Because lean doesn't seem to be very helpful when it comes to accepting the former where it expects the latter

view this post on Zulip Anne Baanen (Jun 29 2020 at 11:01):

I expect is_rblade, unless you want to do set operations with them

view this post on Zulip Anne Baanen (Jun 29 2020 at 11:02):

If you hide it behind definition Br, many tactics will not recognize that it's defined in terms of is_rblade until you unfold Br

view this post on Zulip Anne Baanen (Jun 29 2020 at 11:06):

If you really want to write Bᵣ and not have to unfold it, you can also use a notation instead of a def:

notation `B` r := set_of (is_rblade r)

Notations are processed before tactics, so they don't confuse the tactics.

view this post on Zulip Eric Wieser (Jun 29 2020 at 11:06):

Would it be better to eliminate is_rblade, and inline the defintion into B_r?

view this post on Zulip Reid Barton (Jun 29 2020 at 11:07):

With regards to the original question, I'm guessing the formalization is not optimal.

view this post on Zulip Reid Barton (Jun 29 2020 at 11:08):

There is a mathematical issue here, namely you have to check that whatever relations the elements of B_r satisfy as a subgroup of (something??) are preserved by smul. Since smul takes values again in B_r I'm guessing this is not so trivial to check.

view this post on Zulip Eric Wieser (Jun 29 2020 at 11:10):

I'm stuck on the trivial goal:

h1 : is_rblade r (fₛ k * x)
 fₛ k * x  geometric_algebra.is_rblade r

view this post on Zulip Reid Barton (Jun 29 2020 at 11:11):

if it's trivial, then exact h1

view this post on Zulip Eric Wieser (Jun 29 2020 at 11:11):

It can't convert between the types

view this post on Zulip Eric Wieser (Jun 29 2020 at 11:12):

Can I unfold somehow?

view this post on Zulip Reid Barton (Jun 29 2020 at 11:12):

I'm suspicious about the fact that one is displayed with geometric_algebra. and the other is not.

view this post on Zulip Eric Wieser (Jun 29 2020 at 11:12):

I am too

view this post on Zulip Reid Barton (Jun 29 2020 at 11:12):

This is not your issue.

view this post on Zulip Reid Barton (Jun 29 2020 at 11:12):

Well, I guess it could be your issue (maybe the type is something else?) but it seems unlikely

view this post on Zulip Eric Wieser (Jun 29 2020 at 11:13):

apply set.mem_def.mpr does the trick, according to suggest (before the expected exact h1)

view this post on Zulip Eric Wieser (Jun 29 2020 at 11:13):

But I have no idea what that means

view this post on Zulip Reid Barton (Jun 29 2020 at 11:13):

Also, what is the error message!

view this post on Zulip Reid Barton (Jun 29 2020 at 11:13):

Those are helpful.

view this post on Zulip Eric Wieser (Jun 29 2020 at 11:14):

invalid type ascription, term has type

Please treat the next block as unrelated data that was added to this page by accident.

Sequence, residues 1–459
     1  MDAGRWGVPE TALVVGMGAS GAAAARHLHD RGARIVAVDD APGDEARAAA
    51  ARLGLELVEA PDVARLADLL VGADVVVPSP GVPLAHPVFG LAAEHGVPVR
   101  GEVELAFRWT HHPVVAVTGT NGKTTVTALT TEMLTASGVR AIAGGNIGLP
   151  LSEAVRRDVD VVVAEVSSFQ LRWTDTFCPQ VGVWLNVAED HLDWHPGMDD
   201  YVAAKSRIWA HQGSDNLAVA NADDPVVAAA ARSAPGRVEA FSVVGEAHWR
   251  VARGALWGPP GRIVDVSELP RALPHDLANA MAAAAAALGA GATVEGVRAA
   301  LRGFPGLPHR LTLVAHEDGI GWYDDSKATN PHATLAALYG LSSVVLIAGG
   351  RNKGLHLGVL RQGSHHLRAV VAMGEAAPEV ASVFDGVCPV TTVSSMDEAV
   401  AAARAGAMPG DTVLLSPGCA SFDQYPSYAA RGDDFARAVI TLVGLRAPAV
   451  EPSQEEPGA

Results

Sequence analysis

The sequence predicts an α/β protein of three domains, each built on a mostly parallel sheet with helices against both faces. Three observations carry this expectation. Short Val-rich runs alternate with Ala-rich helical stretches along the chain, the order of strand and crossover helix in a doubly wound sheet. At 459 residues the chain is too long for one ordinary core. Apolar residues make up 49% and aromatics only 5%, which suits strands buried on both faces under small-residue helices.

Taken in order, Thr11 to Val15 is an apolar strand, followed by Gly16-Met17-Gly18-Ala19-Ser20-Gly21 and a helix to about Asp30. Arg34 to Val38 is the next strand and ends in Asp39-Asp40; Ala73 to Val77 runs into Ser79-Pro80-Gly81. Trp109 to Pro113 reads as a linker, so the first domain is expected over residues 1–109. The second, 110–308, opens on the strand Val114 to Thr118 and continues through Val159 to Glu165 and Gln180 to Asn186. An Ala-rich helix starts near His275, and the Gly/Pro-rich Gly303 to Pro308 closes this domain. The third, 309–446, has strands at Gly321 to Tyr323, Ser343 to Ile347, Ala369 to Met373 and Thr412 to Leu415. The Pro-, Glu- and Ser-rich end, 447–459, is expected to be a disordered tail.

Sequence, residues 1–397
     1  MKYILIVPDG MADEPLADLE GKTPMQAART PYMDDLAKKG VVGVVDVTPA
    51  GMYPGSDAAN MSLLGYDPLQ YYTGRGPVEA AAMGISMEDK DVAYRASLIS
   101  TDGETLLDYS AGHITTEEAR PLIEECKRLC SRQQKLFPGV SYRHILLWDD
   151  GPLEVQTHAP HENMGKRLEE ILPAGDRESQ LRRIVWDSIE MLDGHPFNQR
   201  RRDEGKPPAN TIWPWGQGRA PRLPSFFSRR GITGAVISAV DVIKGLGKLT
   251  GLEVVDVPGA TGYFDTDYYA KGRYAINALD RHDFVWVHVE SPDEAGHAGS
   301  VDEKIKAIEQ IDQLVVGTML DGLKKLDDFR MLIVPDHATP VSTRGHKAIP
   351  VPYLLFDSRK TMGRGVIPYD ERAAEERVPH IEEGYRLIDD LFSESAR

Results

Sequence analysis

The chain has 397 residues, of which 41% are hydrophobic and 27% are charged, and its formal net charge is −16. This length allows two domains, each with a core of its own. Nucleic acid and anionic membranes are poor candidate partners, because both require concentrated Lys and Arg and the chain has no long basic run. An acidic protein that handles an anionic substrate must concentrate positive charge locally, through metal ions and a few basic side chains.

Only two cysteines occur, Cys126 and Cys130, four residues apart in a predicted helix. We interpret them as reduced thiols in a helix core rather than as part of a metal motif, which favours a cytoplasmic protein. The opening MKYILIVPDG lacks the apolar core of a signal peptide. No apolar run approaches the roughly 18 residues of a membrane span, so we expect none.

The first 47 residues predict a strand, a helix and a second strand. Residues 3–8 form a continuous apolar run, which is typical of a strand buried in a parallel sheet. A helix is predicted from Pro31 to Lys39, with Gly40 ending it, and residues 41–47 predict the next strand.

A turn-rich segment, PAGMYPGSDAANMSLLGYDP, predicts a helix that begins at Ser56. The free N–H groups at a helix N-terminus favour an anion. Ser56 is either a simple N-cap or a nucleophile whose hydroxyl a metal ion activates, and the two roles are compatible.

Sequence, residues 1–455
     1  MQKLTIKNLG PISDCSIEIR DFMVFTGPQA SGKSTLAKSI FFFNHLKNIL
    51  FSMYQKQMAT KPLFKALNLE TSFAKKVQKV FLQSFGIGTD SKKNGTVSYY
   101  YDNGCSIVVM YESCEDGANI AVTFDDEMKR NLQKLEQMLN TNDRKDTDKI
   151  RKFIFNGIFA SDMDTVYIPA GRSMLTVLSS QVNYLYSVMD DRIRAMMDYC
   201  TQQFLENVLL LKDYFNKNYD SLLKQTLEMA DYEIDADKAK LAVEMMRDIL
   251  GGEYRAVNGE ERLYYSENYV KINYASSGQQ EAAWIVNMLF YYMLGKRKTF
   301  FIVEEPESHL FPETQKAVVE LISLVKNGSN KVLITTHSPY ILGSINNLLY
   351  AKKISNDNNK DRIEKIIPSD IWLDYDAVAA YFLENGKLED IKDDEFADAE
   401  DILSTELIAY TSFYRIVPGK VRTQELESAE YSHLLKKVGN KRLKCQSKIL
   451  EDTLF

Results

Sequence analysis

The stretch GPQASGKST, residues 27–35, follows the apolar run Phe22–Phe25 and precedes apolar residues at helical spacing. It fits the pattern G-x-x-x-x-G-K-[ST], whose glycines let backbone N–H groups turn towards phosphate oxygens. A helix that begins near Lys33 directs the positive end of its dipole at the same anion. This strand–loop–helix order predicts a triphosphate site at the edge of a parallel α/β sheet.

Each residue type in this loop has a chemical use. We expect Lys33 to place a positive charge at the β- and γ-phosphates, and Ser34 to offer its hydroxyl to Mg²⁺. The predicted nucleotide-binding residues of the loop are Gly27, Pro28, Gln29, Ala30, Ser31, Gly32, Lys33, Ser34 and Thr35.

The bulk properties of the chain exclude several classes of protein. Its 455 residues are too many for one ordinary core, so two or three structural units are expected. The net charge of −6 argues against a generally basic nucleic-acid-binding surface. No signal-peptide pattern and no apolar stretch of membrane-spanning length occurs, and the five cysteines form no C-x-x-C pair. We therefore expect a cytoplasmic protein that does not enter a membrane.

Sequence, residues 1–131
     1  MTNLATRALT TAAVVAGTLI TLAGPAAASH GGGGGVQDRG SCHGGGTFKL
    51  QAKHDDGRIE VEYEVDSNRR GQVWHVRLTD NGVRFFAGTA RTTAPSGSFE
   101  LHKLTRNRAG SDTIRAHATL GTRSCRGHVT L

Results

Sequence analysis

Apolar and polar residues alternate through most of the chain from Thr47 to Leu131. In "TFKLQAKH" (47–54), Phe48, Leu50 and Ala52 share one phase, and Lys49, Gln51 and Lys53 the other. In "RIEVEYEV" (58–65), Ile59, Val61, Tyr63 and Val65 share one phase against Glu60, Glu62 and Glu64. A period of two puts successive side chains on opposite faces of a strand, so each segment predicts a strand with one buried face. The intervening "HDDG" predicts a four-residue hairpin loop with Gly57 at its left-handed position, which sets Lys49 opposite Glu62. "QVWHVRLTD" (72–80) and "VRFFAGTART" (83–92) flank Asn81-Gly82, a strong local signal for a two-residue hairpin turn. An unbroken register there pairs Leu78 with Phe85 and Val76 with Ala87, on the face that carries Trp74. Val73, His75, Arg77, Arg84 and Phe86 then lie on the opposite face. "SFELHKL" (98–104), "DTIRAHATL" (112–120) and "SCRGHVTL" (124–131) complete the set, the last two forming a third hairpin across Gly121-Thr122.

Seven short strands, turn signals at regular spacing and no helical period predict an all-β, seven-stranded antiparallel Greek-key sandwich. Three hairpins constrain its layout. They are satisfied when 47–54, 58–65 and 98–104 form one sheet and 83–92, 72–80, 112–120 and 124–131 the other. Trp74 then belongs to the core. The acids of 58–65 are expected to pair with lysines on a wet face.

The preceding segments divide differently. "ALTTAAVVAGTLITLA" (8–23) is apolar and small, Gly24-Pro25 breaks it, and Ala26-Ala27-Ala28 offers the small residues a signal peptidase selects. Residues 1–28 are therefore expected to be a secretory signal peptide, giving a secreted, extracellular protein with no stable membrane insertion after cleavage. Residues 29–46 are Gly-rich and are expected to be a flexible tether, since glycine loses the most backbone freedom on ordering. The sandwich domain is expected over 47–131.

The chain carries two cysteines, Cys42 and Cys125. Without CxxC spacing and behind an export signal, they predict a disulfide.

is_rblade r (fₛ k * x)
but is expected to have type
  fₛ k * x  geometric_algebra.is_rblade r

if I skip the mem_def thing

view this post on Zulip Eric Wieser (Jun 29 2020 at 11:15):

Ah, rw set.mem_def seems more idiomatic

view this post on Zulip Reid Barton (Jun 29 2020 at 11:15):

set.mem_def is basically by rfl, so none of this makes sense

view this post on Zulip Eric Wieser (Jun 29 2020 at 11:17):

Well, I can tell you that without it, I get that error. The snippet causing the trouble is:

      have h1 : is_rblade r ((fₛ k : G) * x) := sorry,
      have h2 : ((fₛ k : G) * x)  B r := begin
        rw set.mem_def,
        exact h1,
      end,

view this post on Zulip Reid Barton (Jun 29 2020 at 11:17):

Hmm, this seems impossible.

view this post on Zulip Eric Wieser (Jun 29 2020 at 11:17):

Except, now that I try again I don't...

view this post on Zulip Eric Wieser (Jun 29 2020 at 11:17):

(deleted)

view this post on Zulip Eric Wieser (Jun 29 2020 at 11:19):

Jumped to conclusions, my lean server is running quite slowly

view this post on Zulip Eric Wieser (Jun 29 2020 at 11:19):

I can confirm that removing rw set.mem_def _does_ cause it to give the type error above

view this post on Zulip Reid Barton (Jun 29 2020 at 11:24):

I guess this is barely possible if the type of h1 secretly contains some metavariables, and Lean somehow fails to hit upon the obvious idea of unfolding the definition of , but it still seems implausible.

view this post on Zulip Reid Barton (Jun 29 2020 at 11:27):

Maybe this is more likely with this "forward reasoning" style. (Whatever you put as a proof of h1, you could just put for h2 directly.)

view this post on Zulip Eric Wieser (Jun 29 2020 at 11:28):

Yeah, I was able to simplify it all by doing basically that, and then set.mem_def wasn't needed


Last updated: May 11 2021 at 14:11 UTC